Activities & Games

Sidewalk Mural
Kindergarten-5th Grade
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Allotted Time

30 minutes

Target Behavior

Get along with different types of people
Girls in WINGS program create a sidewalk mural

Words to Live By

I understand others are unique. I want to learn more about everyone I meet. I want to step into their shoes and see what they are going through.
Social Awareness
Others are unique and it's important to learn more about them

Children who understand others are unique can: 

RECOGNIZE how diversity enriches a community

DEMONSTRATE strategies for building relationships with others who are different from them

RECOGNIZE the existence of various groups based on social and cultural variables

DESCRIBE the basic rights of all individuals regardless of their social or cultural affiliations

Description

Students paint artwork on the sidewalks to share with the school/program/community.

Supplies

• Outdoor space with sidewalk or cement
• Cups
• Water
• Paint brushes/sponges
• Ingredients to make sidewalk chalk paint: a variety of colors of food coloring, cornstarch, and water
• Or purchase sidewalk chalk paint here: Sidewalk chalk paint

How to Play

  1. Prep Work: Make the sidewalk paint by mixing together one cup of water and one cup of cornstarch. Once the two ingredients are mixed, divide the mixture evenly into the cups. Add several drops of food coloring into different cups and mix together until you achieve the desired colors.
  2. Tell the group they will be making creative sidewalk art to make the neighborhood beautiful and let them know that everyone will be able to paint whatever they want.
  3. Show each student the variety of colors made. Encourage the group to share the supplies with each other.
  4. Pass out the paint brushes/sponges and a variety of paints to each student and spread out the students so that they have their own space to make sidewalk art.
  5. Inspire students to be creative with their sidewalk art. Remind them that everyone is unique and so each student’s sidewalk art will be different and a representation of themselves.
  6. If students are having a hard time brainstorming what to paint you can prompt them with these ideas:
    • Your favorite place to visit: (beach, playground, park)
    • The best weather that you’ve ever seen: (sunshine, a rainbow, a clear night full of stars)
    • Their favorite part of nature: (a waterfall, flowers, a tree, mountains)
    • Real or fantasy animals or creatures: (dog, bird, fish, unicorn, dinosaur, bugs)
    • Positive emotion faces: (smiling face, laughing person, people high fiving or working together)
    • Encouraging phrases: (“have a great day!”, “you are loved”, “smile big today”)
  1. Allow time for students to clean up their space and wash their hands at the end of the activity.

Activity Prompts for Reflection

  • Did anyone paint something unique that they’d like to share with the group?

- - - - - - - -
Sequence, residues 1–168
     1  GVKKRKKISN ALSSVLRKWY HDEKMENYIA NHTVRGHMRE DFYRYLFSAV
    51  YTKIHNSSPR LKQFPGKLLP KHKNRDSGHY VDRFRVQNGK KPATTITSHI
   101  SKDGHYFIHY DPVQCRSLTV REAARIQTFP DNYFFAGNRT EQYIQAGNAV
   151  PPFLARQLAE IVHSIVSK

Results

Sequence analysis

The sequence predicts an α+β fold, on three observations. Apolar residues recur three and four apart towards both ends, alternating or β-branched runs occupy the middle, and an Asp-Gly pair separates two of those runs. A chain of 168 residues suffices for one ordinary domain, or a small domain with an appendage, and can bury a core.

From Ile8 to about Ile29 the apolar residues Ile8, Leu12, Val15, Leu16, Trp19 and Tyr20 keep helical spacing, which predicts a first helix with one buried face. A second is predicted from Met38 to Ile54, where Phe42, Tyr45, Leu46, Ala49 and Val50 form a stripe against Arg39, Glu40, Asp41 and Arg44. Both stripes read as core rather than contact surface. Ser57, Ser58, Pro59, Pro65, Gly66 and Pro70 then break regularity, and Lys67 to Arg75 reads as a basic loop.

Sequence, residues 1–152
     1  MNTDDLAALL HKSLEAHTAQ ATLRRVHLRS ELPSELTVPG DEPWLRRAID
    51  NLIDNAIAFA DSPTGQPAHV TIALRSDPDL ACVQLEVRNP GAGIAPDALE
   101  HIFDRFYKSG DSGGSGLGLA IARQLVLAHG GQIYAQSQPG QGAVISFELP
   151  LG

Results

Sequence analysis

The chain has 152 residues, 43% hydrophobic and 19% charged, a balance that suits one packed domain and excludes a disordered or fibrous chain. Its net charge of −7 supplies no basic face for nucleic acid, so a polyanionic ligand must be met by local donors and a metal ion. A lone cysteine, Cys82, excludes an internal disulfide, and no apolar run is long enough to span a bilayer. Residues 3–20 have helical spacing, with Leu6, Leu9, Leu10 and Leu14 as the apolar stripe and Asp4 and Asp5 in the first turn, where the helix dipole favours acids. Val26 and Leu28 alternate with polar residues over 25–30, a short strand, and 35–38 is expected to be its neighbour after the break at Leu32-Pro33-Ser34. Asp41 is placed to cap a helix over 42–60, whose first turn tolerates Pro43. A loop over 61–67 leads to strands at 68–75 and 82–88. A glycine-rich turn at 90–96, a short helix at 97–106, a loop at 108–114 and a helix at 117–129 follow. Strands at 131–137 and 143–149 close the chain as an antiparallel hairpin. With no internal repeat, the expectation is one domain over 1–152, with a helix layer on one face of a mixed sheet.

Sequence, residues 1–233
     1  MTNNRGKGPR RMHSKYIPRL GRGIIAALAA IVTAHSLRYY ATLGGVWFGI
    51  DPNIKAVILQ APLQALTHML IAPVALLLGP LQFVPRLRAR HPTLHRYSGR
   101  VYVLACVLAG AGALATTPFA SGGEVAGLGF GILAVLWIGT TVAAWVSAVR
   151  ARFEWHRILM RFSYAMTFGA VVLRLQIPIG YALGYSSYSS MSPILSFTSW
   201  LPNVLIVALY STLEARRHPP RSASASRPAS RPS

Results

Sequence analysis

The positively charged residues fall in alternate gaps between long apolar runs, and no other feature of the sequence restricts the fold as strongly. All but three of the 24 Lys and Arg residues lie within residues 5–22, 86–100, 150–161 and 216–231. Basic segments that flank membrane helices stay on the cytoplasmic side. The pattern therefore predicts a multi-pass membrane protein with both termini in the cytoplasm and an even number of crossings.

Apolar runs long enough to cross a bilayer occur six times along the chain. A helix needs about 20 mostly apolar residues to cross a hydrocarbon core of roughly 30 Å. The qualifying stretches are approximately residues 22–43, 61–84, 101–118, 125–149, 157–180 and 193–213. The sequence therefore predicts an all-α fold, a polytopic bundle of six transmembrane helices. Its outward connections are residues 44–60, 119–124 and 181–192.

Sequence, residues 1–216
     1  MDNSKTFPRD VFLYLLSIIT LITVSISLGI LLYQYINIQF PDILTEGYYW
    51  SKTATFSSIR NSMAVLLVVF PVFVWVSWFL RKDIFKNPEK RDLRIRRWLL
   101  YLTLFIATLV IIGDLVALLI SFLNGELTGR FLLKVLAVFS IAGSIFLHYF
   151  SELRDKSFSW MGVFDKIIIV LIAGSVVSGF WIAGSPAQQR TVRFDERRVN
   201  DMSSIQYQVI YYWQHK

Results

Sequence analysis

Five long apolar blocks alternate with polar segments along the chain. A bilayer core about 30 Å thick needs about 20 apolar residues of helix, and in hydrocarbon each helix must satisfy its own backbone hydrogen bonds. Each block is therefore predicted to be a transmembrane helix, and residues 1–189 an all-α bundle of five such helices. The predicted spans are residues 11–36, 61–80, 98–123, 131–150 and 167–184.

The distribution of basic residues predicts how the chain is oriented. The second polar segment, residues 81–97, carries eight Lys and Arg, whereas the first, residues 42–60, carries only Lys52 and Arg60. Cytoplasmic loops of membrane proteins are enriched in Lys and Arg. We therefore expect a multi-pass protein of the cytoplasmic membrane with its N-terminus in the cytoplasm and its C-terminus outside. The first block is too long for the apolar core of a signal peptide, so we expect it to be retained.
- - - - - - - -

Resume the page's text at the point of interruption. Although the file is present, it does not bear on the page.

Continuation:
• How do we think people will feel when they see our sidewalk art?
  • Did anyone have a strength that helped them with the sidewalk art?
  • Was there anything that was difficult to do with the sidewalk art? Did anyone try to draw something new today?
  • Would anyone like to give a compliment to someone on their creative sidewalk art?

Other Ways to Play

  • Have boundaries for each student so they know where their personal space is to paint.
  • Call out words (hello, smile, love, happy) that they can practice painting on the sidewalk to help them practice their writing skills in a fun engaging way.
  • Play something similar to “Pictionary” where you tell a student to paint an object and the rest of the group has to try and guess what it is. Whoever guesses correctly first gets to be the next painter.
  • Have students help you create the sidewalk paint and practice their measuring skills. Teach them about colors and how mixing together different colors creates new colors. Ex: red and yellow make orange, yellow and blue make green, blue and red make purple.
  • Let students practice writing and learning about positive emotion words that you call out. Ex: elated, joyful, merry, exuberant, delighted, ecstatic, beaming.
  • Allow the group to come up with a larger mural idea and then have each student paint a certain part of that mural.

Additional Notes

  • Use the SEL Activity Prompts to tie other SEL competencies to this activity.
  • Have boundaries for each student so they know where their personal space is to paint.
  • If the weather isn’t ideal for outdoors or you don’t have a safe place to go outside, try making an indoor mural using bulletin paper and markers, then try to have it hung and displayed somewhere in the building.
  • Making the sidewalk chalk paint recommendations:
    • The recipe calls for one cup of cornstarch and one cup of water, but use your best judgment and add more water if the substance is too thick or add more cornstarch if the substance is too watery.
    • It is best to make and mix the sidewalk chalk paint shortly before using it because the mixture will not work as well after sitting for some time.

 

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